Vijaya Lakshmi Pandit

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Vijaya Lakshmi Pandit
Vijaya Lakshmi Pandit 1965b.jpg
Vijaya Lakshmi Pandit in the Netherlands in 1965
Born (1900-08-18)18 August 1900
Allahabad, North-Western Provinces, British Raj
Died 1 December 1990(1990-12-01) (aged 90)
Dehradun, Uttar Pradesh, India
Spouse Ranjit Sitaram Pandit
Children Nayantara Sahgal

Vijaya Lakshmi Nehru Pandit (18 August 1900 – 1 December 1990) was an Indian diplomat and politician, the sister of Jawaharlal Nehru,[1] the aunt of Indira Gandhi and the grand-aunt of Rajiv Gandhi, each of whom served as Prime Minister of India.

Personal life[edit]

Vijaya Lakshmi's father, Motilal Nehru (1861–1931), a wealthy barrister who belonged to the Kashmiri Pandit community,[2] served twice as President of the Indian National Congress during the Independence Struggle. Her mother, Swaruprani Thussu (1868–1938), who came from a well-known Kashmiri Brahmin family settled in Lahore,[3] was Motilal's second wife, the first having died in child birth. She was the second of three children; Jawaharlal was eleven years her senior (b. 1889), while her younger sister Krishna Hutheesing (b. 1907) became a noted writer and authored several books on their brother

In 1921 she married to Ranjit sitaram pandit (1893-1944), a successful Maharashtrian barrister from Kathiawad and classical scholar who translated Kalhana's epic history Rajatarangini into English from Sanskrit. He was arrested for his support of Indian independence and died in Lucknow prison jail in 1944, leaving behind his wife and their three daughters Chandralekha Mehta, Nayantara Sehgal and Rita Dar. She died in the year 1990. Her daughter Nayantara Sahgal, who later settled in her mother's house in Dehradun, is a well-known novelist.

Gita Sahgal, the writer and journalist on issues of feminism, fundamentalism, and racism, director of prize-winning documentary films, and human rights activist, is her granddaughter.

Political career[edit]

Vijaya Lakshmi Pandit in 1938

She was the first Indian woman to hold a cabinet post. In 1937 she was elected to the provincial legislature of the United Provinces and was designated minister of local self-government and public health. She held the latter post until 1939 and again from 1946 to 1947. In 1946 she was elected to the Constituent Assembly from the United Provinces.

Following India's freedom from British occupation in 1947 she entered the diplomatic service and became India's ambassador to the Soviet Union from 1947 to 1949, the United States and Mexico from 1949 to 1951, Ireland from 1955 to 1961 (during which time she was also the Indian High Commissioner to the United Kingdom), and Spain from 1958 to 1961. Between 1946 and 1968, she headed the Indian delegation to the United Nations. In 1953, she became the first woman President of the United Nations General Assembly[4] (she was inducted as an honorary member of the Alpha Kappa Alpha Sorority in 1978 for this accomplishment[5]).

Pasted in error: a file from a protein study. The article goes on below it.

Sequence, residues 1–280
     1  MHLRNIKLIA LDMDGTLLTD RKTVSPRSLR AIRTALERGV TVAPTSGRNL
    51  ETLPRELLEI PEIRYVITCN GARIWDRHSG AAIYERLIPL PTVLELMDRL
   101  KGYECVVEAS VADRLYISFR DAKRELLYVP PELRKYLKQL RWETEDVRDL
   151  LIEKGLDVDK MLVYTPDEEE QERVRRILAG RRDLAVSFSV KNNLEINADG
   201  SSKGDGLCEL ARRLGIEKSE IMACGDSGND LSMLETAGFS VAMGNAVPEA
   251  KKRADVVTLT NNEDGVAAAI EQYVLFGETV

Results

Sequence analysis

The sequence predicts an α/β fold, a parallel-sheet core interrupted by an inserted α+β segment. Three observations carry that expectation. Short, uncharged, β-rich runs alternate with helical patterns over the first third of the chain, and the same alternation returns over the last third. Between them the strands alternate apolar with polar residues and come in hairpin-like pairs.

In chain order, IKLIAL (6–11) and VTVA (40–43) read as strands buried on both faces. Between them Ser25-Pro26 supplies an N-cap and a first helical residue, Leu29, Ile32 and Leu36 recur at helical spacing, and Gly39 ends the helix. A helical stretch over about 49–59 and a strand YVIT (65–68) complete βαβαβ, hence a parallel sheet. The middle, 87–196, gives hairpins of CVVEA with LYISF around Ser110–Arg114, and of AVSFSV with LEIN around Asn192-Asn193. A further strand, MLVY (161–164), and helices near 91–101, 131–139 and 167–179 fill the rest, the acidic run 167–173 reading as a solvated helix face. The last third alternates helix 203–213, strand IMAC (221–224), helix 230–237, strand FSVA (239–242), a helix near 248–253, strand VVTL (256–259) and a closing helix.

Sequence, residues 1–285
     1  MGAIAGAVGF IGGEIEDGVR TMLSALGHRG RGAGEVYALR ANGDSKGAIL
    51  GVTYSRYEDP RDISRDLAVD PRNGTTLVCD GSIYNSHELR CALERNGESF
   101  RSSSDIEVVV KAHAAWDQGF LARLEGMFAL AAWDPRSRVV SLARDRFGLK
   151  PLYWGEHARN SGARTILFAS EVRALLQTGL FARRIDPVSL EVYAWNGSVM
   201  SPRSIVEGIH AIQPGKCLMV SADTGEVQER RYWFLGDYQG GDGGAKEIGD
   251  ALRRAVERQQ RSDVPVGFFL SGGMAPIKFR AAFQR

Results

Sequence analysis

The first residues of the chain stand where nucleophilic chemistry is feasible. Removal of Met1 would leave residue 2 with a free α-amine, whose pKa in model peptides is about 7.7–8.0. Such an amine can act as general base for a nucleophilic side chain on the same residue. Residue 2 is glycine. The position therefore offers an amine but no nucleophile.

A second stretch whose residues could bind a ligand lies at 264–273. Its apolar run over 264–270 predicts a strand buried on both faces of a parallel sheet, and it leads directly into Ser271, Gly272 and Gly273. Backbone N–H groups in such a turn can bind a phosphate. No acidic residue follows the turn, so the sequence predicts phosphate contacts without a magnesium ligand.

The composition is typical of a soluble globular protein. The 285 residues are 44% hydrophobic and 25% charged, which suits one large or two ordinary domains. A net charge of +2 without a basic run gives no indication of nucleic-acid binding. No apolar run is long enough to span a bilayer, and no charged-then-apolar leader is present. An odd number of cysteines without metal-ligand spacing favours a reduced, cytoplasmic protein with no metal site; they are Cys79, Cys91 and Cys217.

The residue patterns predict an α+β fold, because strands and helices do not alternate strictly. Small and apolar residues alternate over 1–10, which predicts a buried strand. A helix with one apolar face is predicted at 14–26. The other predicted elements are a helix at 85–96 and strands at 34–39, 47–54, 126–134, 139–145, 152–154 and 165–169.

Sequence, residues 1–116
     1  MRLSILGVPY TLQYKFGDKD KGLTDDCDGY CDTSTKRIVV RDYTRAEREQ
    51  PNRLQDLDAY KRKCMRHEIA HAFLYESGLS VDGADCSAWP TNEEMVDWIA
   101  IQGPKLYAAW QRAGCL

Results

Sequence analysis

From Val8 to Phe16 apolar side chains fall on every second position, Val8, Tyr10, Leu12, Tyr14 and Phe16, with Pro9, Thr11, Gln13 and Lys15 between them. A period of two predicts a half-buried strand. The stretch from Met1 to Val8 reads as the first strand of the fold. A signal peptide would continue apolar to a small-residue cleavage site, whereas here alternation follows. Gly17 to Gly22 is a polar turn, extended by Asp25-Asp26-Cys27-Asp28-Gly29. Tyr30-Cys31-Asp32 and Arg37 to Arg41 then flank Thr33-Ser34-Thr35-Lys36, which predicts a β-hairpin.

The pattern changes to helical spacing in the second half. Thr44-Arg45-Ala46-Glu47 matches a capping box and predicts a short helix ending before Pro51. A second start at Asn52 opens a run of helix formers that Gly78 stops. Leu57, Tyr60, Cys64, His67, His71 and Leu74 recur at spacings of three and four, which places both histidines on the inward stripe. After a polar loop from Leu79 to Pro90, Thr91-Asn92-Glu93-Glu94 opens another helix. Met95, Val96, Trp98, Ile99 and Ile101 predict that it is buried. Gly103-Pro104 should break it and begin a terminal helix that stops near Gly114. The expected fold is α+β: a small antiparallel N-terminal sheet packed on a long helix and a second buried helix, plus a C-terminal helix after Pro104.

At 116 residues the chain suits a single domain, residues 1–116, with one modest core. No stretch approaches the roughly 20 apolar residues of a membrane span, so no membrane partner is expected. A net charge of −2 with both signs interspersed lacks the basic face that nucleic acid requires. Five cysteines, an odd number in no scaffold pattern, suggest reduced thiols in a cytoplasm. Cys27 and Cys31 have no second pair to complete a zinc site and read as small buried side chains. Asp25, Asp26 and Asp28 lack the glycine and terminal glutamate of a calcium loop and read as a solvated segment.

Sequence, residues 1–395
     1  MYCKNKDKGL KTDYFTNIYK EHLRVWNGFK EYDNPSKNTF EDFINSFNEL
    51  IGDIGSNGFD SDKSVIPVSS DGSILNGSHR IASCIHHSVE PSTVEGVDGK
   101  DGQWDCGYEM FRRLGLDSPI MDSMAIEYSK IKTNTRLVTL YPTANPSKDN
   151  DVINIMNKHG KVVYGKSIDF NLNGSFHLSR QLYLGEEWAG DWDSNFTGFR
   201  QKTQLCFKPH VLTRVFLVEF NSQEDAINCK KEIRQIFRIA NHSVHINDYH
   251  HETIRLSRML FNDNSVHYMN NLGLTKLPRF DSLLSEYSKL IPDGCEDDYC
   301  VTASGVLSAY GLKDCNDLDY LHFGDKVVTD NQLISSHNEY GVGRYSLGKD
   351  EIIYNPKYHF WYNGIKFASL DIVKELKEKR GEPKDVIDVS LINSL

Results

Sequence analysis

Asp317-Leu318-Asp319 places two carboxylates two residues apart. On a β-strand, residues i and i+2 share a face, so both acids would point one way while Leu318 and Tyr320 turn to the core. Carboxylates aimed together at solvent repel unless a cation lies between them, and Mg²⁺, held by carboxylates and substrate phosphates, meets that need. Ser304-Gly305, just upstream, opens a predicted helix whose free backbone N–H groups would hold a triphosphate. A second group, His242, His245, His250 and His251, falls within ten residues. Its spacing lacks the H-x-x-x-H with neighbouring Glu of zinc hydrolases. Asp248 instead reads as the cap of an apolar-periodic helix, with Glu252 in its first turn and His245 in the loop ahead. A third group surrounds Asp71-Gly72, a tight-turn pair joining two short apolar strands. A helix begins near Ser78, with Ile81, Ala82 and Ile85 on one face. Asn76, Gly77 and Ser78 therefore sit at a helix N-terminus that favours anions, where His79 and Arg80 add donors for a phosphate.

In India, she served as Governor of Maharashtra from 1962 to 1964, after which she was elected to the Indian parliament's lower house, Lok Sabha, from Phulpur, her brother's former constituency from 1964 to 1968. Pandit was a harsh critic of her niece, Indira Gandhi's Prime Minister years specially after Indira had declared the emergency.

Pandit retired from active politics after relations between them soured. On retiring, she moved to Dehradun in the Doon Valley in the Himalayan foothills.[6] She came out of retirement in 1977 to campaign against Indira Gandhi and helped the Janata Dal win the 1977 election.[7] She was reported to have considered running for the presidency, but Neelam Sanjiva Reddy eventually ran and won the election unopposed.[8]

In 1979, she was appointed the Indian representative to the UN Human Rights Commission, after which she retired from public life. Her writings include The Evolution of India (1958) and The Scope of Happiness: A Personal Memoir (1979).


She was the member of Aligarh Muslim University Executive Council.[9]

See also[edit]


  1. ^ President of 62nd session, General Assembly of United Nations. "Vijay Lakshmi Pandit (India)". Retrieved 1 July 2012. 
  2. ^ Moraes & 2008 4.
  3. ^ Zakaria, Rafiq A Study of Nehru, Times of India Press, 1960, p. 22
  4. ^ Oxford Dictionaries, online. "Vijay Lakshmi Pandit". Retrieved 2 July 2012. 
  5. ^ "Alpha Kappa Alpha 1978". Retrieved 14 December 2014. 
  6. ^ Indira Gandhi's Aunt Says She Is 'Profoundly Troubled' at Direction India Is Taking, NY Times, 31 October 1976
  7. ^ Sister Burnishes Nehru's Image, Lest India Forget, NY Times, 22 May 1989
  8. ^ Nehru's Sister Campaigning for Presidency of India, NY Times,
  9. ^ Batori (10/12/2015). "Nayantara Sahgal delivers 6th K P Singh Memorial Lecture". Batori. Retrieved 10/12/2015.  Check date values in: |access-date=, |date= (help)

Further reading[edit]

Gupta, Indra. India’s 50 Most Illustrious Women. ISBN 81-88086-19-3. 

External links[edit]

Diplomatic posts
Preceded by
Asaf Ali
Indian Ambassador to the United States
Succeeded by
Gaganvihari Lallubhai Mehta
Preceded by
Lester B. Pearson
President of the United Nations General Assembly
Succeeded by
Eelco N. van Kleffens
Preceded by
Ambassador of India to the Soviet Union
Succeeded by
Sarvepalli Radhakrishnan
Preceded by
B. G. Kher
High Commission of India to the United Kingdom
Succeeded by
M. C. Chagla
Preceded by
P. Subbarayan
Governor of Maharashtra
Succeeded by
P V Cherian